Is that glass half empty or half full? We often hear those terms as describing the difference between optimists and pessimists. In reality, everyone should be both. Wisdom is knowing when to be one or the other. One of my father’s most memorable, and helpful, quotes as I was becoming an adult went like this: ‘You can’t live life according to what should be. You have to live life according to what IS.’ Yes, it brings to mind Jesus’ ‘The truth will set you free.’ Facing and accepting the reality of any given situation is not widely popular. One only has to look at the prophets of the Old Testament who were shunned when their own people who heard the true reality of their behavior and its consequences.
We all do it, though. We all try to live according to what we think a situation should be. Sometimes, it is helpful to hold an ideal in front of us to strive for – like planning out the next long run in preparing for a half marathon. I know I will never be on the start line with the pros, but keeping that image in my mind helps motivate me along. Often, though, holding up an ideal can lead to disaster. Knowing when to play to the ‘should be’, and when to play the reality card is an art in itself. Ignoring the reality that perhaps this ambition to achieve (something good) has turned the corner into obsession (something bad) can completely eliminate the power to make the correction that will deter disaster.
What makes me think about this right now? In this academic year, two theology professors here in Germany have died suddenly. One was only 52, the other 64. I don’t know if they knew they had health problems. They might have known, but obviously action to deter their deaths was either too late, non-existent, or non-helpful. I wonder, though, if they had looked in the mirror and SAW that they were unwell. Many diseases – including heart illnesses – will leave telltale marks on the face and skin. I have started noticing when other people look unwell, but do I notice it when I look at myself in the mirror? Most of the time when I look in the mirror I get upset about what I think should be instead of looking hard at what is and accepting that reality.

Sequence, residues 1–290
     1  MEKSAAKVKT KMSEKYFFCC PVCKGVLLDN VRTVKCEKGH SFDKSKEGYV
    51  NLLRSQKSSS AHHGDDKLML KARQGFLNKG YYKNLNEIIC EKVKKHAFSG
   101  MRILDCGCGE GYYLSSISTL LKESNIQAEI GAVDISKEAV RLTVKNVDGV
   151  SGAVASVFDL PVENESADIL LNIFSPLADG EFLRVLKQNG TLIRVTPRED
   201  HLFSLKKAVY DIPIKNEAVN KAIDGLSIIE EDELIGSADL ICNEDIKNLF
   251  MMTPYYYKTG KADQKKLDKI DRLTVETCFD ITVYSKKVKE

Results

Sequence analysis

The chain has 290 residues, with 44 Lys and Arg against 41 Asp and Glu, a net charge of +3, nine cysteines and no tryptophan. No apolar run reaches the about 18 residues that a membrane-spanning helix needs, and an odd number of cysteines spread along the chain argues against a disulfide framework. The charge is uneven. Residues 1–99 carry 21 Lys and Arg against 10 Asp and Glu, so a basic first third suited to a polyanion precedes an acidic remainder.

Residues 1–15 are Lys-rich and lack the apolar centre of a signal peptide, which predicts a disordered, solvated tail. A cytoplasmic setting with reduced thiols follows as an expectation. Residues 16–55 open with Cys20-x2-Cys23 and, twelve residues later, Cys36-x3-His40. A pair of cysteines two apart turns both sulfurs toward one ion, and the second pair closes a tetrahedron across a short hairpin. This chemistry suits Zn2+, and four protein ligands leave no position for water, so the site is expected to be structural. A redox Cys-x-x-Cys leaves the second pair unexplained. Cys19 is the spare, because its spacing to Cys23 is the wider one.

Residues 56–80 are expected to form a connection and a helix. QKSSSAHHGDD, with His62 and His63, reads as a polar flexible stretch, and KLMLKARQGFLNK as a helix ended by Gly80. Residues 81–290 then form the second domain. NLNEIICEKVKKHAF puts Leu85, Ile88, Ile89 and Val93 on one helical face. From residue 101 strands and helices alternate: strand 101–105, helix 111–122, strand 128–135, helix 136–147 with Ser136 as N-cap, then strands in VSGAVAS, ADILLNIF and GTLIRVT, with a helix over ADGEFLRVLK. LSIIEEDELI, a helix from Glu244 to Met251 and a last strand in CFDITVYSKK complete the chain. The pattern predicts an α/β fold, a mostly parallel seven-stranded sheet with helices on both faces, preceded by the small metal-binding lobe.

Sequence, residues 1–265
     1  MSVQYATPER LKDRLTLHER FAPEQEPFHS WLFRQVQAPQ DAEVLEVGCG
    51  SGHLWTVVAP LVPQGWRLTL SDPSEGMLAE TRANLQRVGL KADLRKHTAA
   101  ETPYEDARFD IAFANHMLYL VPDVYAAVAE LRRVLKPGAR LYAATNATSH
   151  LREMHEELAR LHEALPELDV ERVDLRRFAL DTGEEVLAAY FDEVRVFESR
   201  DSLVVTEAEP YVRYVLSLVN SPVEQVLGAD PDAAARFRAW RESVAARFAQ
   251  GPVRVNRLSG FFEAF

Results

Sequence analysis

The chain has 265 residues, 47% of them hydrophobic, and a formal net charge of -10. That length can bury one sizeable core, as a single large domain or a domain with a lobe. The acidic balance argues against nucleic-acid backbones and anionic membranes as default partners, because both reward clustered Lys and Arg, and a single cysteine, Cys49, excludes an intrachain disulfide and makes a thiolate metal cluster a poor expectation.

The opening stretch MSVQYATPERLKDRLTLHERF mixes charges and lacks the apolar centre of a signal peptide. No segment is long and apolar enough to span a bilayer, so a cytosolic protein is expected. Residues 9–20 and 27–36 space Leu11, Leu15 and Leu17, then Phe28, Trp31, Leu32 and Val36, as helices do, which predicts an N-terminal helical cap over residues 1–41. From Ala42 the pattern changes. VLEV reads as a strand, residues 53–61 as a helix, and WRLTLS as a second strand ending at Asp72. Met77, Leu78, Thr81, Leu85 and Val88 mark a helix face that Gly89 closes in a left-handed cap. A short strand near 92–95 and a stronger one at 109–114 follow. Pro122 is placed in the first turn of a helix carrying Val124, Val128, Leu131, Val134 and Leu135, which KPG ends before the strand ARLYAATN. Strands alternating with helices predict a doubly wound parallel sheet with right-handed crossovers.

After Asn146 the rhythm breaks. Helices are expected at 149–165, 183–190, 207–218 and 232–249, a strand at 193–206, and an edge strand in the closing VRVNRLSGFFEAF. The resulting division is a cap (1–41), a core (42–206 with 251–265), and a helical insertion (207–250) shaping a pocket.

Snapshots – like a look in the mirror – are easier to assess if we allow ourselves to be realists. Patterns are something altogether different. It is much harder to step back and see a pattern of behaviour that needs correcting. I can look in the mirror and say, ‘No I don’t look well’, but can I see the pattern that led to that image? Is it the daily bowl of ice cream? Or sitting at the computer for 10+ hours a day? Or sleeping less than 4 hours a day for too many days in a row?
We adopted a puppy at the end of October, a super-cute, cuddly cocker spaniel and irish setter mix. At first, he just seemed shy, but over the past two months that shyness of strangers has turned into aggression bordering on viciousness. So Wolfie and I made our first visit to an animal behaviour therapist. Clearly we were doing something wrong, but we couldn’t see what. She instantly noted and explained that I was doing things in my routine in the wrong order. I was doing some things right and had a daily ritual, but the order in which I did it was telling the dog he was in charge. It never occurred to me that going out the door first or feeding the dog first was talking to the dog in his language! But I needed an expert to help me see the pattern that was leading to his wrongful behaviour, so it could be corrected.
I could have denied the behaviour and continued making excuses like ‘oh, he’ll grow out of it’, and in the past I have made that mistake (though not with a dog) of pretending things will get better instead of proactively seeking help. Partly because the optimists and socially well-mannered around me were saying I didn’t need to worry, ‘Everything will be okay in the end.’ Well, sometimes the ‘okay in the end’ only works by running interference and taking action.